Opening Day delivers thrills -- and it's only just the beginning

April 8th, 2022

What were the best moments of Opening Day? A group of reporters gathered to discuss:

Alyson Footer, editor/moderator: As expected, there were plenty of great moments on Opening Day, and at least one Major League debut lived up to the hype. You really couldn’t have scripted it better for Bobby Witt Jr: His first Major League hit was a double that gave the Royals a one-run lead in the eighth, and they ended up winning the game. Exactly how he wrote it up, right?

Paul Casella, reporter/producer: There was just a feeling he was going to do something when he came up in that spot. You could feel the buzz in the crowd, runner in scoring position with two outs, late in the game. Big player stepping up in a big moment.

Manny Randhawa, reporter/producer: One of the great elements of baseball is that you can't put the ball in LeBron's hands, or Steph's hands, or have Tom Brady under center, when the big spot comes up. And still we got Bobby Witt Jr. in the big spot, and he delivered. Tremendous stuff.

Footer: Knowing nothing about the kid, I can tell he oozes confidence, which is half the battle on Opening Day.

I think my favorite part of Witt's trip around the bases was when he arrived back to the dugout. He smiled all the way through while high-fiving his teammates. I liked that he was acknowledging what just happened -- big moment, huge day, he wasn't trying to keep his head down and act like it was not a big deal.

It would have been just as easy for him to start the season 0-for-12, happens to the best of hitters. Glad we got something a little more -- a reward for putting these young guys on the Opening Day rosters.

Casella: And we still get to watch Spencer Torkelson and Julio Rodríguez debut today!

Randhawa: Had to be all the more incredible of a feeling for Witt after all the hype. Like you said, some of the greatest players of all time struggled right out of the gate. Not to say Witt won't, but getting that first hit out of the way -- and it being so big -- is significant.

I think we need to talk about how the Royals have a Whit and a Witt on the infield, by the way.

Footer: I'm guessing their nicknames are the same.

Casella: A battle for which one gets to go by "Witty," I imagine ...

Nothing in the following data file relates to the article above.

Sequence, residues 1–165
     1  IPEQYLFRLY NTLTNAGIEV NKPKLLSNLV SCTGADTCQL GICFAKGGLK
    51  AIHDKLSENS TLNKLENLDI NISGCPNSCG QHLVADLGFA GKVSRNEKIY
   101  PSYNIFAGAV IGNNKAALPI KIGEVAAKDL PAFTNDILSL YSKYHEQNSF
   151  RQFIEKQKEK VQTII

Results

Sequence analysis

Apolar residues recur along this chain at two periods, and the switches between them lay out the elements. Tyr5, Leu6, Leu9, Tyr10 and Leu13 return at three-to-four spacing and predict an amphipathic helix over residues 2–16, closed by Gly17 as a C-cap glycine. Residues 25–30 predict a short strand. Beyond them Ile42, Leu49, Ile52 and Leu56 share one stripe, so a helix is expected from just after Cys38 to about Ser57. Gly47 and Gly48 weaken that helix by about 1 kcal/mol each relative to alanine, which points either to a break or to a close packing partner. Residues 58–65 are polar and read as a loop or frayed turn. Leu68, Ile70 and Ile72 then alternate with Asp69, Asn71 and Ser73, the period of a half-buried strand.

Footer: When I was watching the game, and they panned to the crowd, I thought, you know, Royals fans have reason to be optimistic this year. Maybe it's all the Opening Day vibes, and optimism is overflowing in every city except maybe three. But I'm feeling like this could be a very interesting season for the AL Central.

Casella: That division has to be as wide open as any. Sure, the White Sox are the obvious frontrunner, but with three Wild Cards and the AL East set to beat each other up all year long -- crazier things have happened.

Randhawa: Twins are fun, Royals are fun, White Sox are really fun.

Footer: Let’s segue from the young pups to the old guard. Joey Votto's mic'd-up inning in the fourth during the Reds-Braves game on ESPN2 was pure gold. (Literally. At one point Votto was talking about getting a gold tooth.) We need more of this, right? More mic'd up innings, and more Votto.

Casella: Pulling back the curtain on some of these guys we've all been watching for more than a decade is fantastic. How can fans not love getting that behind-the-scenes glimpse?

Footer: One thing that may have gone unnoticed but that I liked was that it gave a closeup view as to just how physical playing a position is, even when it seems like nothing's happening. Fielders are moving on every single pitch. We've never seen a vantage point like we did tonight in that respect.

Randhawa: That was the most interesting part for me -- how Votto was able to multitask was remarkable. He wasn't bad with the play-by-play either!

Footer: At one point Votto said (paraphrasing here): "Playing a position is hard. Hitting is hard. Doing it with microphone in my ear is foreign territory for me." You could tell he was a little skittish at first, which was one of the things that made it so cool.

Randhawa: It was very organic; didn't feel forced at all. But that's Votto.

Casella: I was glad we got a decently long inning -- and Ozzie Albies on first base for most of it. Definitely gave Votto time to warm up to the whole thing and make it feel natural.

Footer: Votto: "Ozzie, what do you think about me getting a diamond tooth?" Ozzie: "Go for it." Can’t help but laugh. But the whole point is to bring the game closer to the fans, and this exercise definitely met expectations.